This year, UK grantmaker Edge Fund turns five. Since 2012 we’ve distributed more than £300,000, funded 175 grassroots groups, and learned a great deal about participatory grantmaking.
In brief, participatory grantmaking is a means of putting funding decisions into the hands of those affected by those decisions. A more detailed exploration can be found here.
To celebrate our fifth birthday, here are five reasons why participatory grantmaking is the future of philanthropy.
1.) Participation addresses power imbalances.
Soon after we launched, Edge Fund member Sophie Pritchard wrote an article for Alliance on models of power-sharing in philanthropy and another on philanthropic power dynamics.
Here she laid out the ambition for the Edge Fund: ‘to present an alternative funding model which breaks down the usual power dynamics in funding’. Participatory grantmaking can offer a way of overcoming some of these issues, because it blurs the lines between ‘funder’ and ‘grantee’, ‘decision-maker’ and ‘recipient’.
2.) Participation is effective.
In social justice circles, we often hear ‘Those who live it, know it’. Participatory grantmaking is effective because it utilises the expertise of those closest to the issue. Improved sustainability, problem-identification, and buy-in are just a few of the rewards on offer when decision-making is informed by those directly affected.
Drawing upon the knowledge of those with lived experience increases the efficacy of solutions. This can be especially helpful when working with hard-to-reach groups, such as the sex workers supported by participatory grantmaker Red Umbrella Fund.
3.) Participation offers legitimacy.
Traditional philanthropic models often rely upon just a few individuals as decision-makers. Many wealthy philanthropists, such as Peter Buffet, have challenged their legitimacy to make decisions about communities they have no direct experience of. Participatory grantmaking offers an opportunity to build an engaged constituency of active stakeholders, rather than passive ‘beneficiaries’.
True participation moves beyond community consultation to full ownership. The increasing profile of many remarkable community foundations is one manifestation of the rise of locally-led decision-making, as is participatory grantmaking.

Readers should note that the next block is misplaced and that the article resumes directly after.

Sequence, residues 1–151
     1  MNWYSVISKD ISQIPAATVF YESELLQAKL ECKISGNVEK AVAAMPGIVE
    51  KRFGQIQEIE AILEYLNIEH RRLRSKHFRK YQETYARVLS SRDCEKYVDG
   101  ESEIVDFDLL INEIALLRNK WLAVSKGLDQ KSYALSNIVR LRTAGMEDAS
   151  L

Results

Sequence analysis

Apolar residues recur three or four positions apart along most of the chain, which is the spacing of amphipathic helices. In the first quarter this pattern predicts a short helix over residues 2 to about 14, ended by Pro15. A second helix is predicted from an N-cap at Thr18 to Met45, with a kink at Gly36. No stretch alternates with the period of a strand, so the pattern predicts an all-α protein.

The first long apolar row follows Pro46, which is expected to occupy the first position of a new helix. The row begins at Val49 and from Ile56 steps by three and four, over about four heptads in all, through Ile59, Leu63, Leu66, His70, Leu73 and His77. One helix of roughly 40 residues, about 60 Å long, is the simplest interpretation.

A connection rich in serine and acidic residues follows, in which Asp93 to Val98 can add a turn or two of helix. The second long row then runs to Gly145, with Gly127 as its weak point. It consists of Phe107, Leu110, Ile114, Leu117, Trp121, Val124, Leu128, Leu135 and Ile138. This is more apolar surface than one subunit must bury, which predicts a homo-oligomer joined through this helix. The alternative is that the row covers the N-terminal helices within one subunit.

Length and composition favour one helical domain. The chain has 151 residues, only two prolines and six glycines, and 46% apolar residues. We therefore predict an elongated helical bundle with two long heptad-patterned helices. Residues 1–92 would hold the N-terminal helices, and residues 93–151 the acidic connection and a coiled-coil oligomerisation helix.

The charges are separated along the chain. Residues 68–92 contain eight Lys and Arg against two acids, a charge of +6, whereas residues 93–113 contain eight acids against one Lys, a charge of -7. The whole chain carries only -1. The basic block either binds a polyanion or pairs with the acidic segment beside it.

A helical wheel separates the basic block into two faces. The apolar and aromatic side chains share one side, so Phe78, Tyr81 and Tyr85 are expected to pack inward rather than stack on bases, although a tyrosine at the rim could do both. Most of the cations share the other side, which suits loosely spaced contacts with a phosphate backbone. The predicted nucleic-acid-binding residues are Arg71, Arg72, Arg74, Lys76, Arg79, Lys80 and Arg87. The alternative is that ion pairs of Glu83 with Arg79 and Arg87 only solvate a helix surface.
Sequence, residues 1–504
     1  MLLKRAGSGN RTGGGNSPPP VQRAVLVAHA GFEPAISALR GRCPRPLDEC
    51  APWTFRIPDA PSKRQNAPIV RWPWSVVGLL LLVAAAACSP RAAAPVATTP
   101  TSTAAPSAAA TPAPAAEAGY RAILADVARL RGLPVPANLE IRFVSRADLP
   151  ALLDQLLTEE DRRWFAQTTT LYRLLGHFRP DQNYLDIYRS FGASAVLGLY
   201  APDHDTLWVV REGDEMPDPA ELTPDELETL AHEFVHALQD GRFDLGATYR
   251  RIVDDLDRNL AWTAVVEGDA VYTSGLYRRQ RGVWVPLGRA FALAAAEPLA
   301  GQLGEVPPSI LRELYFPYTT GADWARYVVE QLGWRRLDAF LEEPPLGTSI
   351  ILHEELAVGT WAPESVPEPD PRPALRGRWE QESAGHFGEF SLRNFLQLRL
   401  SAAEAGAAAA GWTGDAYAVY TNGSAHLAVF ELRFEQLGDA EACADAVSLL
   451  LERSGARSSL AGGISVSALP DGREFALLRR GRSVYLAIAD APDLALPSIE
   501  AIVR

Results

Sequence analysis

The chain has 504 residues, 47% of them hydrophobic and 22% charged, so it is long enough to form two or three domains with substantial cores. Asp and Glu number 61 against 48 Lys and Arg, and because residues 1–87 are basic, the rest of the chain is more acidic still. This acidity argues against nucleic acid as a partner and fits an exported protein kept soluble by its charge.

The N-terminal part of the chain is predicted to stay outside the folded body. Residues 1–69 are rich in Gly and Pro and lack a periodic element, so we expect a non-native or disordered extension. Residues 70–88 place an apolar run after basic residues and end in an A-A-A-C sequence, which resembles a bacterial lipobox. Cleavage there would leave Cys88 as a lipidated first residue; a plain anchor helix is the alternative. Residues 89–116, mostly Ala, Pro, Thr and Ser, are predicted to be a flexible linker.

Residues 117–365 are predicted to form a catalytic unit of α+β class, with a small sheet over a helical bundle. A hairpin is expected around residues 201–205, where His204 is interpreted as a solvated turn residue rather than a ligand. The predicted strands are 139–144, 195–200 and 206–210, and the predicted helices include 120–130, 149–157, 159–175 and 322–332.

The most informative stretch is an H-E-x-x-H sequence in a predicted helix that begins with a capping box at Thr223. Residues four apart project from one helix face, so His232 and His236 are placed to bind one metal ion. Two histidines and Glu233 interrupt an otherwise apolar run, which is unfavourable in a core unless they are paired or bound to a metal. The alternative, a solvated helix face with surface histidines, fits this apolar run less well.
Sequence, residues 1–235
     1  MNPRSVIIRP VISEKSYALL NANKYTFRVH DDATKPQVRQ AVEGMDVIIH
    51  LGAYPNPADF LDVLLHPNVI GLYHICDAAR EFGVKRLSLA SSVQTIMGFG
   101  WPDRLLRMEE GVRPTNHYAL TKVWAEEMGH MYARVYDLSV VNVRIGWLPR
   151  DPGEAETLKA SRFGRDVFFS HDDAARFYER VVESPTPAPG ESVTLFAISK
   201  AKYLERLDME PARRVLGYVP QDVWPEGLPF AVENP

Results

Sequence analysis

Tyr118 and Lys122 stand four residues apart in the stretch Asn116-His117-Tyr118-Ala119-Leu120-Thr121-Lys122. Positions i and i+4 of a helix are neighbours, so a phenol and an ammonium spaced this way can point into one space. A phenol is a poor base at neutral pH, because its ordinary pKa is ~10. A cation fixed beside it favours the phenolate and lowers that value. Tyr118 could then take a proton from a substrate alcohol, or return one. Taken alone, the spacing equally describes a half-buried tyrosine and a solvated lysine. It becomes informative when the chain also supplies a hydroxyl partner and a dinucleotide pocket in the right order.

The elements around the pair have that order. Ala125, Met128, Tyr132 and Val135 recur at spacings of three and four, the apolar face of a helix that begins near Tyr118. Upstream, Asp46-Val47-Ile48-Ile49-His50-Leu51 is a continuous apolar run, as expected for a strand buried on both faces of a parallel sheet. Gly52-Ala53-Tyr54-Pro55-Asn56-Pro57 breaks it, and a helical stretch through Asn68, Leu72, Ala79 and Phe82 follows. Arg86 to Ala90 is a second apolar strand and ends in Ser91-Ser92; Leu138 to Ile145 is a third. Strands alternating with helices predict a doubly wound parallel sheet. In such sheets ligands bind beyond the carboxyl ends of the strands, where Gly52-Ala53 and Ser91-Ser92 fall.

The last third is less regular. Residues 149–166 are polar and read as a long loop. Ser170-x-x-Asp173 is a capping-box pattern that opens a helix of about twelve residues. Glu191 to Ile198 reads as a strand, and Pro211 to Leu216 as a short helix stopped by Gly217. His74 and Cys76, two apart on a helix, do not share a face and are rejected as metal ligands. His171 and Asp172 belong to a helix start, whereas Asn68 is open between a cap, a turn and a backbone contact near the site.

4.) Participation is innovative.
Philanthropy is constantly evolving, but perhaps not fast enough. Despite centuries of traditional philanthropic giving, solvable problems continue to cause suffering. We’ve seen the emergence of innovative forms of charitable giving such as flow funding, impact investing and direct cash transfers.
Participatory grantmaking is not new, but despite its potential, few funders use it. Yet funders do not need to go as far as the Edge Fund to test innovative approaches to participatory decision-making. Pooled funding, such as the new fund established by Guerrilla Foundation and others, offers a low-risk way of dipping a toe into new ways of working.
5.) Participation supports diversity.
The September issue of Alliance will highlight diversity issues in philanthropy. However there is already evidence that foundation staff and boards are not representative of the wider world (and especially of those communities they intend to serve.) Participatory grantmaking offers a way to involve those ‘unusual suspects’, and in doing so encourages all the benefits of increased diversity.
What can you do to be part of the movement towards participatory grantmaking? There is a spectrum of ways you can engage:
- Transform your foundation into a participatory grant-maker!
- Test participatory decision-making as a small part of your programming!
- Or simply fund existing participatory grant-makers!
Edge Fund hopes to continue experimenting for another five years; why not join us?
Rose Longhurst is a member of Edge Fund.